08 December 2007

Francis Schaeffer: Thesis and Antithesis Don't Equal Synthesis

Francis Schaeffer continues to blow me away. I am left astounded continually when I read his works. Earlier this summer I read The God Who Is There for pure and sheer enjoyment. I was left without breath the book was so good. Recently I have been enjoying Perkins or occasionally Starbucks with a friend just to talk about our lives and how we got to where we are. This of course involves talking about our spiritual journeys, an incredibly uncomfortable topic for those brought up in a society where speaking about one's private spirituality is certainly not the norm.

For instance, I may just disagree with something you have experienced. I may just look at you and tell you that the experiences you have had reflect deep problems in your thinking. I may just look at you and tell you that if you keep going that way you will end up where the liberals ended up. I may just tell you you're wrong. Or you may do the same to me.

This of course is infuriating. In today's culture personal spirituality must never be attacked and personal experience must never be negated. "Authentic" pursuit of "god" is enough in today's relative culture to apparently make anyone acceptable to whatever deity one worships. This makes you a good person and no one should be allowed to impede into your privacy to tell you, "I have a thesis and what you believe is the antithesis to my thesis, you are in the wrong."

The greatest heresy, it would seem, is calling anything a heresy.

Thus, when my friend and I arrived at the fork in the road concerning methodology and epistemology (how we come to know what we know and how we know what we know) Francis Schaeffer immediately popped into my head.

My friend said, in essence, "I do not believe that anyone can truly know that something is true. You only say that Christianity is true because you have come to believe it through your limited experiences and from your personal perspective, however, the Buddhist is really doing the same thing and they believe based upon their one experience of knowing. I do not have to believe Jesus Christ is the truth just because you believe this is so. Your knowledge of this truth does not validate it as true any more than the Buddhist's sure knowledge that he is true."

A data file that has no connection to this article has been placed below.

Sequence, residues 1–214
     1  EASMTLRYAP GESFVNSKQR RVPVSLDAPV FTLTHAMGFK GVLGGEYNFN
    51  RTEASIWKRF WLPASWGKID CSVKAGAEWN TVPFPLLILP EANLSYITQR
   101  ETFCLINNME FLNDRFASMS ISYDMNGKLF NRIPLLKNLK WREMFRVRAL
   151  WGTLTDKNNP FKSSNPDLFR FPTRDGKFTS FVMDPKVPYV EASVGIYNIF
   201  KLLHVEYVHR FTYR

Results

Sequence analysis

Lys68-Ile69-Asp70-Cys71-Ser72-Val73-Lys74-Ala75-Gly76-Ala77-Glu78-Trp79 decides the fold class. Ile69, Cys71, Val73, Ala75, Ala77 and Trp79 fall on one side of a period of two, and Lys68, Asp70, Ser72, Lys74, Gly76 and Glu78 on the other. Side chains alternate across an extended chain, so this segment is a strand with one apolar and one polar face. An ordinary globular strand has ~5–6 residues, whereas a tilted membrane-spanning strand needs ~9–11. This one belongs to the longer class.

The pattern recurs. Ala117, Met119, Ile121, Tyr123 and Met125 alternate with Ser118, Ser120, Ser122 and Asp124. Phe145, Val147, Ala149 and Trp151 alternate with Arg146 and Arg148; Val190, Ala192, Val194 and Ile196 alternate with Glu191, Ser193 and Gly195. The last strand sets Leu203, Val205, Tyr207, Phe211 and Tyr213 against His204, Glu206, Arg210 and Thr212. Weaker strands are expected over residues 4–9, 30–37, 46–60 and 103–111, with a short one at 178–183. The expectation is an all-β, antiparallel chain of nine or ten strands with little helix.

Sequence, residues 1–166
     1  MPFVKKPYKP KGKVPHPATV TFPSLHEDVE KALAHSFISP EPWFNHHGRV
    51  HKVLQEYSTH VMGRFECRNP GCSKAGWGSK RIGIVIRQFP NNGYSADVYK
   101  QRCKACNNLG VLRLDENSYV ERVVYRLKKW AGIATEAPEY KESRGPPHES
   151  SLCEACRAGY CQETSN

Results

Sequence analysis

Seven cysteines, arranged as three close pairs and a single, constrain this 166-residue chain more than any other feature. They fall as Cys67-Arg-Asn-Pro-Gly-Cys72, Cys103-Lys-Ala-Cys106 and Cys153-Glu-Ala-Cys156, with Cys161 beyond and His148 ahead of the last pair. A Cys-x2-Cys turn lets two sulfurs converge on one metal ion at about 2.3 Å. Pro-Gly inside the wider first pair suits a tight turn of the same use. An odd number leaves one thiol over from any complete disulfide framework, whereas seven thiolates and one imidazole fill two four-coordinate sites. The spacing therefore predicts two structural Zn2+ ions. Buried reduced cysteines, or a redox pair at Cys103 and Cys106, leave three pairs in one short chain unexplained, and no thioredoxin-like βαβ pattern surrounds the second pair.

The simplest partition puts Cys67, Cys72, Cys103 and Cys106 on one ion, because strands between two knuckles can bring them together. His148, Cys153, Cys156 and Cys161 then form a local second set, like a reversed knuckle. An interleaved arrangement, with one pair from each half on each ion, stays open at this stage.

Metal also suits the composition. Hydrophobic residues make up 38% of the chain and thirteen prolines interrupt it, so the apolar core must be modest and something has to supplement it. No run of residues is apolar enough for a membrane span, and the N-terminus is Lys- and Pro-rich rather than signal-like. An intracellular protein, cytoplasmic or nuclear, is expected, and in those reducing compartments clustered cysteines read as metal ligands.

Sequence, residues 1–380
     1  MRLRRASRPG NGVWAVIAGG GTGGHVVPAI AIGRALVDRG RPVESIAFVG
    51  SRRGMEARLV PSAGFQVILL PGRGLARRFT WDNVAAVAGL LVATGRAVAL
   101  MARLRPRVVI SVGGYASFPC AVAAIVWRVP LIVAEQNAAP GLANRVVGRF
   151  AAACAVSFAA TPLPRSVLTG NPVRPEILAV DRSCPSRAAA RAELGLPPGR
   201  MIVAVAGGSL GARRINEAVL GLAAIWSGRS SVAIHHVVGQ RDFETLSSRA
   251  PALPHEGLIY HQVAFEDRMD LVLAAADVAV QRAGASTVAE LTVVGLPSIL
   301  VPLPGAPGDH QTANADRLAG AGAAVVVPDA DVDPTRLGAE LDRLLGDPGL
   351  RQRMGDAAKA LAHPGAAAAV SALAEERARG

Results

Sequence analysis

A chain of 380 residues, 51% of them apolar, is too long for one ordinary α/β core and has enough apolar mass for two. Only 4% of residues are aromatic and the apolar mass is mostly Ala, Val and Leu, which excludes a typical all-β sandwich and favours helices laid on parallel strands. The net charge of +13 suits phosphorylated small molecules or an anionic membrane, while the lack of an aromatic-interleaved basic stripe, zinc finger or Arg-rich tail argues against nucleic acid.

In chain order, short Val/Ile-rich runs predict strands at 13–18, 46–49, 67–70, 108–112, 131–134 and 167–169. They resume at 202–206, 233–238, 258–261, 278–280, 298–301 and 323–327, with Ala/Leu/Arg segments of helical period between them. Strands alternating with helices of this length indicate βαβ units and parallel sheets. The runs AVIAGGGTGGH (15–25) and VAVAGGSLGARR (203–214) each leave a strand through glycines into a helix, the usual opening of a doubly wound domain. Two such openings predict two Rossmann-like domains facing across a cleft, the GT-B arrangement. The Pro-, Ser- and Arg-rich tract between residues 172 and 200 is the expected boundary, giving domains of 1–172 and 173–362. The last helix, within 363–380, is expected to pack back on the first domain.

This of course addresses things that Schaeffer drives at in the very first chapter of The God Who is There. He opens with one of the greatest lead lines of all time, "The present chasm between the generations has been brought about almost entirely by a change in the concept of truth." This is precisely what my friend needs to hear. The concept of truth is under attack.

Schaeffer stunningly launches into an explanation of his present situation (which sounds frighteningly like our present situation and exactly what my friend said) in explaining that one day there was a concept of truth that went like this, "All A is A and all Non-A is Non-A and therefore A cannot be Non-A and Non-A cannot be A." This is the concept of thesis and antithesis. The concept that there is an absolute objective linear truth and that thesis and antithesis make a contrast.

There was a day when everyone believed this to be the case. No one doubted that there was a thesis and an antithesis. Everyone would have agreed that to say that A and Non-A could go together was preposterous and ridiculous. But they could not agree on what the correct thesis was. They tried again and again but for the life of them no one could figure out what the right one was.

This is because they started at fallible finite man and built from there.

Somewhere along the line after yet another someone had claimed that their thesis was the correct thesis the philosophers realized that this wasn't working for them. So some guy named Hegel showed up and said that thesis and antithesis shouldn't equal contrast, they should equal synthesis.

In other words, there are no absolute truths, there is no "right" thesis, only many ideas that may result in synthesis.

Of course, you can see how this is damaging. This leaves us reeling. Not only is there no longer a basis for truth, there is no truth. Schaeffer called it The Line of Despair.

My friend, really quite a few of my friends, could use a good solid dose of this truth. It is ridiculous to believe even for a moment that A and Non-A could be the same thing. A and Non-A are mutually exclusive, and therefore one or both of them must be wrong.

Schaeffer issues one of the greatest challenges I have ever faced in my life,

Those standing in the stream of historic Christianity have been especially slow to understand the relationships between various areas of thought . When the apostle warned us to, "keep ourselves unspotted from the world," he was not talking of some abstraction. If the Christian is to apply this injunction to himself he must understand what confronts him antagonistically in his own moment of history. Otherwise he simply becomes a useless museum piece and not a living warrior for Jesus Christ.

And this after only two chapters! Schaeffer must have been a prophet,

Soli Deo Gloria!

R.D. Thompson

1 comment:

  1. Hey Ryan- Tell me about "The Voice" series by emergent. I don't have your email. Mine is lucaspick@gmail.com .

    you can erase this when your done. Please get back to me as soon as you can.